Restorations and renovations as terms tend to be frequently mixed up. This is because many observers assume that if something has to be restored, it’s a good opportunity to upgrade and change it for the better. After all, how often does a homeowner make a big change to their home?
Restorations, while they can include upgrades, are primarily associated with restoring the home to the way it was after serious damage and destruction. That can come from flooding, fire, a vehicle accident, or some other serious event that results in a lot of damage and needs to be fixed.
Fundamental Purpose of a Restoration
Restoration comes in two phases: mitigation and restoration. The mitigation phase entails halting whatever damage and cause of the damage is occurring so that repair can proceed without requiring additional response activity. So, in the case of water damage, mitigation focuses on confirming the source of the water leak is stopped as well as removing everything soaked or damaged by the water.
That tends to be mainly a remove and clean process, with all the damaged material removed and thrown away. Whether water, fire, or other causes, this part of restoration is really about removing all the loss so that repair can take place without things being in the way. Mitigation is extremely important because it continues to remove contaminants that cause more problems if ignored, such as burned chemicals or mold and mildew.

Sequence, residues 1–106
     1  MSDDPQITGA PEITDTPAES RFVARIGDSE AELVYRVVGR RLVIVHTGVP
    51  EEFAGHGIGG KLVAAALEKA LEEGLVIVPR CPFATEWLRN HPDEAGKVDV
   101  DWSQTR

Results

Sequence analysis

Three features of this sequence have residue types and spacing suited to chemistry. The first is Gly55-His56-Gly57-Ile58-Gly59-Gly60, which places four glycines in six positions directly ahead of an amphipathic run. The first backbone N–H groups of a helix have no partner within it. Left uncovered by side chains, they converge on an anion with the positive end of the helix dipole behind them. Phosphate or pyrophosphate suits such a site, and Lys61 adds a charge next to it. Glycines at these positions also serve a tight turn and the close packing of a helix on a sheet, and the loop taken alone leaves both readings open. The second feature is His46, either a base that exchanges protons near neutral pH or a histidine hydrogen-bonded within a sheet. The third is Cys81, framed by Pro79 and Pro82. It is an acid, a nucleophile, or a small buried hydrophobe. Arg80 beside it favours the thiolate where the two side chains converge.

The restoration phase itself is the actual construction and replacement of what was damaged. That works from the framework up and out, until final work on drywall finishes and flooring replacement is completed. Restoration is the part that the homeowner sees as the replacement of what was lost.
When it comes to completeness and satisfaction, the restoration phase is frequently scrutinized the most because, once completed, the work is then finished and the provider then packs up and leaves. However, it benefits the homeowner to pay attention to details during mitigation, so nothing is missed during the restoration process. Most restoration services like Valley Restoration & Construction are very professional and open to answering any construction questions without judgment.
Lots More Activity in Restoration
Depending on what is required, the restoration phase may also include a variety of services ranging from carpentry to plumbing to electrician assistance. No surprise, most restoration projects are handled by a primary service who acts as a foreman bringing in the necessary help as needed. Where licensed work is required, the specialist is brought in as a subcontractor or employee under the primary contract.
As for upgrades, the original material or fixtures that were damaged may be no longer available on the market. In these cases, restoration will replace what was lost with the nearest similar product for the status quo unless the homeowner is willing to pay more for the difference. In these cases, upgrades then add more costs to a restoration based on what the homeowner desires. This situation is common with cabinetry and flooring.
So, again, restoration is about replacement, not renovation. Understanding the difference helps with hiring restoration services for the best response.